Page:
‘Broadway’ Evaluate: Life on the Margins
The true performer is aware of that their craft calls for seduction, for the lure of the stage is the fun of escape. “Broadway,” the kinetic debut characteristic from Christos Massalas, captures the grim duality, in all its freedom and peril, of life on the margins. Set in Athens and visibly haunted by the specter of Greece’s financial disaster, the movie follows a charismatic ensemble of misfits who make their residing — not less than nominally — as road performers. More exactly, they depend on the distraction of their rapt viewers in order that they might decide their pockets clear.
In ponderous voice-over, liable to the occasional cliché, Nelly (Elsa Lekakou) recounts her foray into their world: she is found in a strip membership by the mercurial Markos (Stathis Apostolou), a seasoned thief, who whisks her off to the Broadway, an deserted theater advanced replete with an open-air rooftop cinema. She instantly assimilates into this clan, all of them both outsiders or defectors: the charming couple Rudolph (Rafael Papad) and Mohammad (Salim Talbi); Locksmith (Christos Politis), a shadowy outdated man and purposeful patriarch; and lastly, the mysterious Jonas (Foivos Papadopoulos), hidden away with a bruised and bandaged face.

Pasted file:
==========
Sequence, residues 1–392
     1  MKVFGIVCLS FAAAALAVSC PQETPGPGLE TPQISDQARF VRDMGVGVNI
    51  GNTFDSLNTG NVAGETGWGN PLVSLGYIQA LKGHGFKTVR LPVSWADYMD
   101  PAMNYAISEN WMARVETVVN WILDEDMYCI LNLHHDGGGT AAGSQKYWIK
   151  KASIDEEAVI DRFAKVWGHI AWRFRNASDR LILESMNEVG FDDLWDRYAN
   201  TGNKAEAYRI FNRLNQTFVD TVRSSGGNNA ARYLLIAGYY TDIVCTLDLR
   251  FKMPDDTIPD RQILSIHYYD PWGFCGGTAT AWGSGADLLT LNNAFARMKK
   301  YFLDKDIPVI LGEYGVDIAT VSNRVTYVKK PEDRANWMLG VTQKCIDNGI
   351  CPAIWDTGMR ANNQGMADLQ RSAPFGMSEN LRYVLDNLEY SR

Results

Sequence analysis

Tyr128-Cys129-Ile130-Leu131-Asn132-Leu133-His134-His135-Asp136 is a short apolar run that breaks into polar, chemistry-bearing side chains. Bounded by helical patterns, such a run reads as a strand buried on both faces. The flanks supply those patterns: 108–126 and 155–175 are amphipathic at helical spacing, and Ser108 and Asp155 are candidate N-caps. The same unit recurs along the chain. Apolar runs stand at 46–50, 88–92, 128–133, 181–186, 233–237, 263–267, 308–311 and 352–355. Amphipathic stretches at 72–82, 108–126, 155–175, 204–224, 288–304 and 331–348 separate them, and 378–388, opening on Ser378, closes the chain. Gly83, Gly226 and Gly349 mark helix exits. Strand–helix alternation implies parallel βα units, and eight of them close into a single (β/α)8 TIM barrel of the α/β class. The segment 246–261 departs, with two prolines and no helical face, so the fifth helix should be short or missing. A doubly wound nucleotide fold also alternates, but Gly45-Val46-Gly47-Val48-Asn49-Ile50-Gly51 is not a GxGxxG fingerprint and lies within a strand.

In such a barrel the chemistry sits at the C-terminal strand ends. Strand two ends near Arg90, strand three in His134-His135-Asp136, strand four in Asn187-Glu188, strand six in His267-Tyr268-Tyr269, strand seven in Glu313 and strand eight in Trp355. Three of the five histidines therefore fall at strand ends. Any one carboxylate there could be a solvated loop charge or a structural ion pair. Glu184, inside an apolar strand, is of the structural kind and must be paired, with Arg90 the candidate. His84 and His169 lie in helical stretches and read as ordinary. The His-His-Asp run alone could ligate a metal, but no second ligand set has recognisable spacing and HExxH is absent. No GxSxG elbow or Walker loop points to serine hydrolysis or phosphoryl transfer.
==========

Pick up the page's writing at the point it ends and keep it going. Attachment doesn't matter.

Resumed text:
Feverishly pursued by a formidable gangster recognized solely because the Maraboo, Jonas transforms into Barbara, a veritable bombshell with billowing bronze locks, pirouetting alongside Nelly in glittering jumpsuits for a spellbound crowd. When Markos is distributed to jail, Barbara and Nelly set up a candy romance, imperiled by the cloud of Markos’s inevitable return.
Amid some uneven characterizations, the forged enlivens “Broadway” with their compelling performances, sealed by a stirring finale and a characteristically hovering rating from Gabriel Yared.
Not rated. In Greek, with subtitles. Running time: 1 hour 37 minutes. In theaters.